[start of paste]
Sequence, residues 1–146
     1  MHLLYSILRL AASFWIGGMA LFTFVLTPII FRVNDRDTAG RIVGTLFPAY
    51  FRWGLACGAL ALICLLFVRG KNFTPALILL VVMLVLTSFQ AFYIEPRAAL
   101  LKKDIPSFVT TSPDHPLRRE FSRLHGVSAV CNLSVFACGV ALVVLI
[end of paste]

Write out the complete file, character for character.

Sequence, residues 1–146
     1  MHLLYSILRL AASFWIGGMA LFTFVLTPII FRVNDRDTAG RIVGTLFPAY
    51  FRWGLACGAL ALICLLFVRG KNFTPALILL VVMLVLTSFQ AFYIEPRAAL
   101  LKKDIPSFVT TSPDHPLRRE FSRLHGVSAV CNLSVFACGV ALVVLI